Reflecting Psychoanalysis: Narrative and Resolve in the Psychoanalytic Experience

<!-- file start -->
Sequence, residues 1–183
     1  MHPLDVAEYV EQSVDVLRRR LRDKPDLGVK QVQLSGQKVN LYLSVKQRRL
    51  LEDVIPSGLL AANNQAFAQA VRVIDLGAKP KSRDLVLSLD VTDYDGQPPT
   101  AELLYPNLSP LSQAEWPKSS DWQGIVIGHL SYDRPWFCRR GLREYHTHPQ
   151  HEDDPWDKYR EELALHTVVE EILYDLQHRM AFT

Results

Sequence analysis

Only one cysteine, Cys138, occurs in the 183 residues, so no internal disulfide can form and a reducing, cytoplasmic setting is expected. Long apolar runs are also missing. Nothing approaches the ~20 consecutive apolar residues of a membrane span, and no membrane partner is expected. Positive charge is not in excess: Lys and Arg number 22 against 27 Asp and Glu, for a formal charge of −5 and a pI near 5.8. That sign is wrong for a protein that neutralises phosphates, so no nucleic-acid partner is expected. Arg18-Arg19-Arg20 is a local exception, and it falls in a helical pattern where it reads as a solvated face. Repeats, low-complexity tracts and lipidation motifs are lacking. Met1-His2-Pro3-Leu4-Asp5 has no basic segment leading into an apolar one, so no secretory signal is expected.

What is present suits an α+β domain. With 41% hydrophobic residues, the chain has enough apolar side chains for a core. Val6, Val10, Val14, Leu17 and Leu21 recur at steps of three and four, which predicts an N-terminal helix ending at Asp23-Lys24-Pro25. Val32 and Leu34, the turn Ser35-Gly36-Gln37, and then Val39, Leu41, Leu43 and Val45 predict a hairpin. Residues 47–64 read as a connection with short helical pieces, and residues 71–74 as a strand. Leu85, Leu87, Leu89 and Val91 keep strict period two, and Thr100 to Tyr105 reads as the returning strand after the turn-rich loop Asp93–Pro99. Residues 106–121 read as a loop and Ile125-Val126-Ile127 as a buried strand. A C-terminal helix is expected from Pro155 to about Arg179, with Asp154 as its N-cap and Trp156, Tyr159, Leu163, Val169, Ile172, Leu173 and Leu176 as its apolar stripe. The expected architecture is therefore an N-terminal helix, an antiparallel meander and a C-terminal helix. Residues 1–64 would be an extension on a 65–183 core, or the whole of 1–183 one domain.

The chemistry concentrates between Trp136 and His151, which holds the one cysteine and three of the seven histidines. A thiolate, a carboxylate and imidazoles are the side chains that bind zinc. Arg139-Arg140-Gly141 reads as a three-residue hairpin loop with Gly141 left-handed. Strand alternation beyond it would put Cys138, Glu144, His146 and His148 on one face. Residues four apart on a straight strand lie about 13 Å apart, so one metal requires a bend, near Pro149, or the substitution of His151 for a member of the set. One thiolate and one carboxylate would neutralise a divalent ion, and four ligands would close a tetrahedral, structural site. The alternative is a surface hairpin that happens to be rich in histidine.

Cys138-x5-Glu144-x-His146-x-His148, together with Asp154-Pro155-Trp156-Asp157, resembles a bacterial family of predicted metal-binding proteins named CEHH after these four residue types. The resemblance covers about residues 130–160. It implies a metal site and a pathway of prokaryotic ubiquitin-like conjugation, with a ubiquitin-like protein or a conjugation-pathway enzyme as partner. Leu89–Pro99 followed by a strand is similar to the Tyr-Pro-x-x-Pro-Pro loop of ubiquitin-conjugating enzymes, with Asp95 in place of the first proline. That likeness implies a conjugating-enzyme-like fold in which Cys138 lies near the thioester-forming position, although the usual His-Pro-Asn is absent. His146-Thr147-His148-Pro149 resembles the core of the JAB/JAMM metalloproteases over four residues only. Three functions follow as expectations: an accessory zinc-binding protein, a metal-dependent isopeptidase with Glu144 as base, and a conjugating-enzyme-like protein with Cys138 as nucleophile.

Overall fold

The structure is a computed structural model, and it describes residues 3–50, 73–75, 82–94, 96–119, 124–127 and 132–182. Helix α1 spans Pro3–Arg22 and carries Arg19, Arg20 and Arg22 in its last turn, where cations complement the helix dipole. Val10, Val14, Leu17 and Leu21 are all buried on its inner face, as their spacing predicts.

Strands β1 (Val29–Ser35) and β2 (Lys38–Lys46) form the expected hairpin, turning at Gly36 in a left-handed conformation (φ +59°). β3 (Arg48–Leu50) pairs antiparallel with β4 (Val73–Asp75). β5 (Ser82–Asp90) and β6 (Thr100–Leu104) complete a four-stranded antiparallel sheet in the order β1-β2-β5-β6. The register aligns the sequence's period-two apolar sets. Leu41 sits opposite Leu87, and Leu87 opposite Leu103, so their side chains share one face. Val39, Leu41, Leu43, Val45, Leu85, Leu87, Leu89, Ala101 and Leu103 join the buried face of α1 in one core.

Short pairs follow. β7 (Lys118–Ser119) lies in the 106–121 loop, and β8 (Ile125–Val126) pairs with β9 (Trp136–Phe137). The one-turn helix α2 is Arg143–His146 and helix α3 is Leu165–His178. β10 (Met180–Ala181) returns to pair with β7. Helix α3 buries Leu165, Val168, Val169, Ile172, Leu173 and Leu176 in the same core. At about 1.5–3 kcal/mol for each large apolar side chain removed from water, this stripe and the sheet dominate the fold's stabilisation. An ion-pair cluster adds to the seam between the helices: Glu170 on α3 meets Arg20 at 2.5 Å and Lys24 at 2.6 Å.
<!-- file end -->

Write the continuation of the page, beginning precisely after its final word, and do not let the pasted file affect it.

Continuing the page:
Acknowledging the influence of such thinkers as Bion, Winnicott, Lacan and Ricour Jurgen Reeder charts his own course in this 'exploration into my own standpoints'. At the heart of this book is an ethical question: 'With what legitimacy do I assume the right to interpret my fellow being?' This question is raised in the context of a critique of a particular hermeneutic interpretation of psychoanalysis, namely, psychoanalysis as an objectifying discipline in which the other (the analysand) is regarded quintessentially as a representation or exterior object to be understood.Reeder embraces the fundamental intersubjectivity of psychoanalytic experience. Intersubjectivity is viewed as the human encounter within the psychoanalytic setting where there occurs a mutual influencing or acting upon, rather than an encounter guided by an essentially objectivating scientific knowledge.Truth in this conception is not a cumulatively acquired possession, but an always-emerging process coiled within an interpretative dialectic occurring between human beings. This is a thoughtful, nuanced, clearly articulated and challenging book that engages directly with the perceived crisis of psychoanalysis.